Alberta Court Of Appeal Confirms And Clarifies Requirements For Random Drug Testing
Previously printed in the LexisNexis Labour Notes Newsletter.
This article focuses on the Alberta Court of Appeal’s recent decision in Suncor Energy Inc. v. Unifor, Local 707A, 2017 ABCA 313. The Court unanimously upheld a judicial review decision rejecting the majority decision of an arbitration panel which had found Suncor Energy Inc.’s random drug and alcohol testing policy to be unenforceable. The appeal decision focused on the fact that limited evidence was considered at arbitration and evidence of substance abuse issues in the workplace outside the bargaining unit was not considered.
The facts of the grievance and its treatment at arbitration and before the lower court were as follows.
In 2012, Suncor implemented random drug and alcohol testing for workers holding safety-sensitive positions at some of its work sites in Fort McMurray. Unifor, Local 707A grieved the policy on the basis that it infringed the privacy rights of workers. The focus of the grievance was on whether the random drug and alcohol testing was an appropriate part of safety procedures at the employer as both parties recognized that proper safety procedures were required.
At arbitration, the majority ruled in favour of the Union, holding that Suncor did not demonstrate sufficient safety concerns within the bargaining unit to justify random testing. The dissent found that there was significant evidence of workplace safety issues, including substance abuse issues, and would have enforced Suncor’s testing policy.
On judicial review, in the decision of Suncor Energy Inc. v. Unifor, Local 707A, 2016 ABQB 269, the Alberta Court of Queen’s Bench quashed the majority’s decision and remitted the matter to arbitration, finding that the majority could have considered evidence of workplace substance abuse issues outside the bargaining unit. The decision was appealed.
The Court of Appeal considered whether the majority of the arbitration panel was unreasonable in choosing to disregard evidence of substance abuse problems in the broader workplace – i.e. beyond just unionized employees. The Court agreed with the reviewing judge below that the decision of the majority was unreasonable, relying on the Supreme Court of Canada’s decision in Communications, Energy and Paperworkers Union of Canada, Local 30 v. Irving Pulp & Paper Ltd., 2013 SCC 34 (“Irving”). The Court reviewed Madam Justice Abella’s formulation of the test for imposition of random drug or alcohol testing on unionized employees, holding that the test is defined in terms of whether there are special safety risks in a workplace and considers in particular evidence of a general problem of substance abuse within a workplace.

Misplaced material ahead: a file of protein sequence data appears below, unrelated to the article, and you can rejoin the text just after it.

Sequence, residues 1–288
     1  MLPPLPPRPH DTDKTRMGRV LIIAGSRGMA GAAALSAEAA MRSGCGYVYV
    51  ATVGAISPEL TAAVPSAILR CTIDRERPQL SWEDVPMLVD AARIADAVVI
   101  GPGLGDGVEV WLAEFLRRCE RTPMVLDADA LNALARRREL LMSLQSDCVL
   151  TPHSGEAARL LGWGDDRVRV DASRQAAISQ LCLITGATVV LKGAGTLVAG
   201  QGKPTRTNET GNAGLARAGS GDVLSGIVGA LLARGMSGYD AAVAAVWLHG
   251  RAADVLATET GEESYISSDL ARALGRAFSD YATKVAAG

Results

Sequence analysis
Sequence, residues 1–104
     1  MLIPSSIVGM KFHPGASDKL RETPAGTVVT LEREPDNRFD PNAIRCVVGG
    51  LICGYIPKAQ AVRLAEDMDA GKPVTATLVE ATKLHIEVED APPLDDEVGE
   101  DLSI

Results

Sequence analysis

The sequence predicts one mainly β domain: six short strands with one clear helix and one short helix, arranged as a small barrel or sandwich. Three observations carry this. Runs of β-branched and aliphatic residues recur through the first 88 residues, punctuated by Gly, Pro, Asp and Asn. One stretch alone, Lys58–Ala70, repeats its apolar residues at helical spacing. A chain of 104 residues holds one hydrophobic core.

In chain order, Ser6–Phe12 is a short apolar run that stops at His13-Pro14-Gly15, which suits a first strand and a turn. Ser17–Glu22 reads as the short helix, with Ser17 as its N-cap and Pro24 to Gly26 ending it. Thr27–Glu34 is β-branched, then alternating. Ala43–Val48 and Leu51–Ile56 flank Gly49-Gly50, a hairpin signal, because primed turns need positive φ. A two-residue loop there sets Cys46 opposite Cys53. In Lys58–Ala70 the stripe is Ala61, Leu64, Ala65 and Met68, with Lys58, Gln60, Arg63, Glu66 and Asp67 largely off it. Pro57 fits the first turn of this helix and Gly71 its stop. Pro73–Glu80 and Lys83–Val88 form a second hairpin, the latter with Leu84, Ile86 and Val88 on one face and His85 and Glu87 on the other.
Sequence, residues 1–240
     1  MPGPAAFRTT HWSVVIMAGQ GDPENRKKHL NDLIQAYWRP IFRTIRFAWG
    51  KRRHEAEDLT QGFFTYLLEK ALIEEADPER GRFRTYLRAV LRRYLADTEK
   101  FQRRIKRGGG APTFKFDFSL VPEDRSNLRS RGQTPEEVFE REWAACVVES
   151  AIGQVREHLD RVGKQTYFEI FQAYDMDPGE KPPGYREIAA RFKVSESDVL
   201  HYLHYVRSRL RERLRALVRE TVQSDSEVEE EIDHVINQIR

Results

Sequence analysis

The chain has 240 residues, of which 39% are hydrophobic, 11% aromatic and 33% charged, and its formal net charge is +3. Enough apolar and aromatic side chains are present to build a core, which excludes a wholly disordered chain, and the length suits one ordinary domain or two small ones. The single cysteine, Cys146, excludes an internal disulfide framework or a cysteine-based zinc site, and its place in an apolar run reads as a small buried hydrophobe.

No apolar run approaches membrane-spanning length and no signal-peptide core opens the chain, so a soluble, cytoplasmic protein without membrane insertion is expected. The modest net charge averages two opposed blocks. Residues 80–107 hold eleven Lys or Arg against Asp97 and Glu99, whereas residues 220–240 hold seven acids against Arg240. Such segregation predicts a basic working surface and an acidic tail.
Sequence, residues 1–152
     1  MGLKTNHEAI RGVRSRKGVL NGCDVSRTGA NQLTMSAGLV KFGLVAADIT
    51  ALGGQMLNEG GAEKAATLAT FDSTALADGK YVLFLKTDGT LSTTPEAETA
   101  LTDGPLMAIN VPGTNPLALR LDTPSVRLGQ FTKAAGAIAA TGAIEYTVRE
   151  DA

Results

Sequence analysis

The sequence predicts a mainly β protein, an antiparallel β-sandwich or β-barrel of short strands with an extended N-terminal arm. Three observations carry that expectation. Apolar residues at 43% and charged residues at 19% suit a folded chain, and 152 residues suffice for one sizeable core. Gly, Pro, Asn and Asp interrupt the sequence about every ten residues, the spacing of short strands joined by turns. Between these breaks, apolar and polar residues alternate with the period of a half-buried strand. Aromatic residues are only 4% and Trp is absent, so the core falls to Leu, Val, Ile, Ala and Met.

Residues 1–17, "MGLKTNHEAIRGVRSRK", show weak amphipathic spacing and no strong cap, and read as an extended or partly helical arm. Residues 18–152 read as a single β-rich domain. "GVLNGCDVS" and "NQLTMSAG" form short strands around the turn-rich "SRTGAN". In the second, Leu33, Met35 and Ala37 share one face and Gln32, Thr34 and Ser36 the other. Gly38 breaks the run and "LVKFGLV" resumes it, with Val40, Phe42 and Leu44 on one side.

The Court clarified that the Irving test sets out a balancing test to be applied with respect to safety and substance abuse problems in the workplace in general rather than safety and substance abuse problems in the bargaining unit. The test calls for a more “holistic” inquiry into such problems in the workplace instead of requiring evidence unique to workers who will be directly affected by the arbitration decision.
The Court found that in justifying its policy, Suncor could properly have relied on evidence of substance abuse in the workplace generally rather than just within the bargaining unit.
The Court did acknowledge that there may be some workplaces where it would be reasonable to distinguish between evidence of substance abuse by unionized and non-unionized employees. However, the nature of the workplace in this case was one where the workforce was strongly integrated between unionized employees, non-unionized employees and contractors. There was no reason to draw an arbitrary distinction between the workers in this case.
Takeaways for Employers
The Court of Appeal’s decision helps to clarify the law with respect to how an employer can justify a random drug and alcohol testing policy in a safety-sensitive environment. The analysis will likely include a review of evidence of overall workplace drug and alcohol issues, allowing an employer to introduce evidence with respect to such issues even outside the bargaining unit or employee group to which the policy applies. This case gives an employer the flexibility to rely on a wider array of evidence to justify its imposition of a random drug and alcohol policy. It clarifies that the Irving test will be applied on a generalized rather than specific basis, at least in workplaces that are integrated between unionized and non-unionized employees.